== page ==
Neutron Stars

Artist's impression of a neutron star
Credit: Casey Reed/Penn State University

A neutron star is the collapsed core of a massive star. It is what is left of the star, after a supernova explosion.

When a high-mass star comes to the end of its lifetime, its outer layers collapse onto the core. This squashes the star's core to the point where the atoms are smashed apart, leaving only neutrons. Neutrons are sub-atomic particles with no electric charge.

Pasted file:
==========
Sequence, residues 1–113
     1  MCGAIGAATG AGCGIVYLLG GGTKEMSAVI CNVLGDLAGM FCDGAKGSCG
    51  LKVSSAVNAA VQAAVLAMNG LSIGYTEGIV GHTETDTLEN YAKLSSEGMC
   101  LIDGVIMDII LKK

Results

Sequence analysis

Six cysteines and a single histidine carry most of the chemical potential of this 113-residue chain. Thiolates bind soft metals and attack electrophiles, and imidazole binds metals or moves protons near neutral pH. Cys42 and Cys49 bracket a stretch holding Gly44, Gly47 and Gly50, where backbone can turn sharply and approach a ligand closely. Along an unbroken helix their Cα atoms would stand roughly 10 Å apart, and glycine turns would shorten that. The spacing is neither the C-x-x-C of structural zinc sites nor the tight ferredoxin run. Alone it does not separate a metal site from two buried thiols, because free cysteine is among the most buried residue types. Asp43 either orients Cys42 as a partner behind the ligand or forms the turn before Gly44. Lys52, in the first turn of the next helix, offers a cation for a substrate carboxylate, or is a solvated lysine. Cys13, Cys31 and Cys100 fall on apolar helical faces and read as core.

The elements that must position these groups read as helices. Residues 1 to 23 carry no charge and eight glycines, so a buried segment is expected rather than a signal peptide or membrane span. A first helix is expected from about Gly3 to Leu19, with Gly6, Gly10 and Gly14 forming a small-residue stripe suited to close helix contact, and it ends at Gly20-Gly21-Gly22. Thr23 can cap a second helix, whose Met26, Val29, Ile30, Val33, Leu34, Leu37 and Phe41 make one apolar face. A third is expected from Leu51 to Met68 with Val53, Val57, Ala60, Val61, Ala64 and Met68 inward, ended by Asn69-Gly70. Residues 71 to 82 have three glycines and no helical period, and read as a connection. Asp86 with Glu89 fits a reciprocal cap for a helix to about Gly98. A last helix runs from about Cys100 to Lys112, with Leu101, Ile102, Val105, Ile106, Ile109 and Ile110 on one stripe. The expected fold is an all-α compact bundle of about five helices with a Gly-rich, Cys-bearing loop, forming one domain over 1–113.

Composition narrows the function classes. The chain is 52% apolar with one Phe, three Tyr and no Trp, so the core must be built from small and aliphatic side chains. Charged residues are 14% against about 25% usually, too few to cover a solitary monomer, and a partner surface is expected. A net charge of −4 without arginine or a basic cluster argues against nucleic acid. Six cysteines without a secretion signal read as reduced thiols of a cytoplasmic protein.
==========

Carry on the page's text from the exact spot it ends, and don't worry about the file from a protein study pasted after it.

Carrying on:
The outer layers are then thrown out into space by a shock wave. This leaves a rapidly spinning neutron star behind. Some neutron stars have been found to rotate at several hundred times a second!

A neutron star can have the same mass as 1 or 2 Suns. However, it will only be about 20 km across. Imagine squashing the Sun until it was the size of a city! For comparison, a house full of neutron star material would weigh the same as the Moon. The only object denser than a neutron star is a black hole.